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Food Critic and Meat ‘Evangelist’ Josh Ozersky Dies in Chicago

Josh Ozersky in 2013 in an episode of

(Reuters) – Josh Ozersky, an award-winning food critic who preached the wonders of eating meat and founded the Meatopia outdoor food festival, has died in Chicago at age 47.

Ozersky was found dead on Monday in a room in Chicago’s Conrad Hotel, the Cook County Medical Examiner said on Tuesday. He was in town for the James Beard Foundation Awards for restaurants and chefs, the foundation said.

Local media said an autopsy was pending.

“Josh Ozersky was a meat man. He knew meat, revered it, studied it, sang it, evangelized it, wrote about it, and, of course, ate it. Lots of it,” wrote journalist Tom Junod in an obituary in Esquire, where Ozersky was a food and dining correspondent.

Ozersky also chronicled his adventures in carnivorism in Time, the Wall Street Journal and other periodicals. His latest book was “The Hamburger: A History.”

“My kitchen looks like a cult-murder scene when I’m done with it,” he wrote in a recent Esquire column.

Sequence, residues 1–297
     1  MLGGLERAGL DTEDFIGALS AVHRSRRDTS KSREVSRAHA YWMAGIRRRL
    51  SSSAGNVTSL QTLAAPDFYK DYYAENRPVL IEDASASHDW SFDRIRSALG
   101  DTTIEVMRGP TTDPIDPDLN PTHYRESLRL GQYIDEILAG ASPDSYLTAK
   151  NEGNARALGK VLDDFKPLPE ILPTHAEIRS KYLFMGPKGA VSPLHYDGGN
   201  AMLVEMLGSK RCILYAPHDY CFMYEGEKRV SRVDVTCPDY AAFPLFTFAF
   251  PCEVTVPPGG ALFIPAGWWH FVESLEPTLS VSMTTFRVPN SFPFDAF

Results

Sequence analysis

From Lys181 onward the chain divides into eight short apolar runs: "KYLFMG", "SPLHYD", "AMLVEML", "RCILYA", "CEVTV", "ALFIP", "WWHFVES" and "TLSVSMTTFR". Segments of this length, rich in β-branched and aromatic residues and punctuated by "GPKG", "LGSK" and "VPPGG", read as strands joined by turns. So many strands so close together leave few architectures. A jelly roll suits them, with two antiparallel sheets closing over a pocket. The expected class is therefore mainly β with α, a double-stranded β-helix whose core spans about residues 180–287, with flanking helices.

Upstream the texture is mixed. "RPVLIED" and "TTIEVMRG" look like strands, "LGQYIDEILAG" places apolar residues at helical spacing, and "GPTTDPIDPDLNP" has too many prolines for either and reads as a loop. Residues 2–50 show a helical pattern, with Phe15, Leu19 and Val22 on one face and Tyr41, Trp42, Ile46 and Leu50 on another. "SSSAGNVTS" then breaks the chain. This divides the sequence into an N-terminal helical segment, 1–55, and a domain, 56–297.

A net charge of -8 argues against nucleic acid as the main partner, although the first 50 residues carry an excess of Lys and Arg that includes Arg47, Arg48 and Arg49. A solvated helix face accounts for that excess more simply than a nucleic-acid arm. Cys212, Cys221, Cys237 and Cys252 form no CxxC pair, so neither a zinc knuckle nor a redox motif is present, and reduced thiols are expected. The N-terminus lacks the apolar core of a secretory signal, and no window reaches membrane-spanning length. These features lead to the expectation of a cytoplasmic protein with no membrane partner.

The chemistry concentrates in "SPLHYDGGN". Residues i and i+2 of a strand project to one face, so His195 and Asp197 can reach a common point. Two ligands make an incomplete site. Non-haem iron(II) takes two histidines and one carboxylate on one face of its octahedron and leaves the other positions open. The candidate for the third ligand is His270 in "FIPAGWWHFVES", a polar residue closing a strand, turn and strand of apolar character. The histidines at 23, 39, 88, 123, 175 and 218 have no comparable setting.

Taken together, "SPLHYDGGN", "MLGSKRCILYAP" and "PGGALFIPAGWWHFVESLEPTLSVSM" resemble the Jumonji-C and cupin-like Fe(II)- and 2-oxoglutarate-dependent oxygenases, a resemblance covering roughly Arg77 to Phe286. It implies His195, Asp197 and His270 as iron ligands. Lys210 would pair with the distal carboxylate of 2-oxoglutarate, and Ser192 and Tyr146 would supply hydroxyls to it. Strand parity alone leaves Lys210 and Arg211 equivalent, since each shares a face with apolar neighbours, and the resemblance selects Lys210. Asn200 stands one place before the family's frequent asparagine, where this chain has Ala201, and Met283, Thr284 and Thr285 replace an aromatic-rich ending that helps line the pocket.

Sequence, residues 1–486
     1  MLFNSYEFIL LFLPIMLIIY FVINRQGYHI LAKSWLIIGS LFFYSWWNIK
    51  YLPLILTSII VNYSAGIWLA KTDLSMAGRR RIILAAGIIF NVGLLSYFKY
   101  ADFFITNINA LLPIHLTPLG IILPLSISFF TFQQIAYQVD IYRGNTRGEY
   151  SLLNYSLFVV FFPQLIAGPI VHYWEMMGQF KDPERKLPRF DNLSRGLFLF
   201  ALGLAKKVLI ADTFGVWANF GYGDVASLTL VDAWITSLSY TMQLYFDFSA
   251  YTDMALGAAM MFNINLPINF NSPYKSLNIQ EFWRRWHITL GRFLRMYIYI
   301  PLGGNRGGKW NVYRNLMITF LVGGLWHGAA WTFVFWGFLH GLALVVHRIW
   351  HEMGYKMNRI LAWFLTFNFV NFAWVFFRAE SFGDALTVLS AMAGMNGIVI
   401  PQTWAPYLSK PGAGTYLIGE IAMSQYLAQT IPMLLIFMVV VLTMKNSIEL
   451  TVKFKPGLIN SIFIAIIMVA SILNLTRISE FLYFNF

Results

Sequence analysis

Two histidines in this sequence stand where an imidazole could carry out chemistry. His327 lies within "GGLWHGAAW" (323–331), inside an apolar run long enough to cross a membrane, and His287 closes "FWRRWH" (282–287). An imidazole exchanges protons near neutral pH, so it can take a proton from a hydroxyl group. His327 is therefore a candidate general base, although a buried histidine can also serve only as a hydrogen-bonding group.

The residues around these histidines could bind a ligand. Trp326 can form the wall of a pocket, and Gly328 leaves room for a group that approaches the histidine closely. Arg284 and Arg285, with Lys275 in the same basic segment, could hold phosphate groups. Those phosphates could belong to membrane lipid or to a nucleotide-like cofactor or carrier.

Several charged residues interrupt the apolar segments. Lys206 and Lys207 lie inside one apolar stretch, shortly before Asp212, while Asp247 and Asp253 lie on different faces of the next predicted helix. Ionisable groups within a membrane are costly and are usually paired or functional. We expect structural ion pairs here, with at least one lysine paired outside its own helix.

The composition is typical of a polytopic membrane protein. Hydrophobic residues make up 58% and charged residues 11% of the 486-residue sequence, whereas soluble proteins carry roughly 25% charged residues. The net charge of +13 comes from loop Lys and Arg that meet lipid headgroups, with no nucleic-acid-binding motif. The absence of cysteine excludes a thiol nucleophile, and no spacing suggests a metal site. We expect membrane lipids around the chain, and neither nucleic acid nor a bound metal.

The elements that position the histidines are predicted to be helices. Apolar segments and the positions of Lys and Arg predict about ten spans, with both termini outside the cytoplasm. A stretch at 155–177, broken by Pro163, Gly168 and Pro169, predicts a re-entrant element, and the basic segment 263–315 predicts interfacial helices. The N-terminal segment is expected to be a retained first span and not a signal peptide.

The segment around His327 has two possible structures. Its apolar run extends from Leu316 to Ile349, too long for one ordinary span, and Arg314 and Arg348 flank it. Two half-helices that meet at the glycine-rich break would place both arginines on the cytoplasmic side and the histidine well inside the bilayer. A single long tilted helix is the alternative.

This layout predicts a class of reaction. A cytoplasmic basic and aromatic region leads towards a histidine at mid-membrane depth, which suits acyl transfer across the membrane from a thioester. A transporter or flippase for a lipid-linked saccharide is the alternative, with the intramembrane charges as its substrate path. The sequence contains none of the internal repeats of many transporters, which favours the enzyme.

Fellow food writers and chefs paid tribute to him as a feisty intellectual most at home in greasy, hot kitchens full of tattooed food workers, and who frequently sparred with friends, restaurateurs, other food writers and chefs.

On his Internet video program,, where he posted through 2013, he mused about meat, books and “rivulets of fat.”

He lived for years in New York City, where his 10th annual Meatopia, “The Carnivore’s Ball,” was held last October, featuring 30 chefs and 48 animals, as Ozersky posted on the event’s Facebook page. Last year, he moved to West Coast foodie haven, Portland, Oregon.

Ozersky won a James Beard Award in 2008 for his work as founding editor of New York magazine’s blog, Grub Street, the foundation said in a memoriam on its website.

In a Grub Street blog on Tuesday, restaurant reviewer Adam Platt recalled Ozersky quoting historians, writers and especially 18th century British essayist Samuel Johnson.

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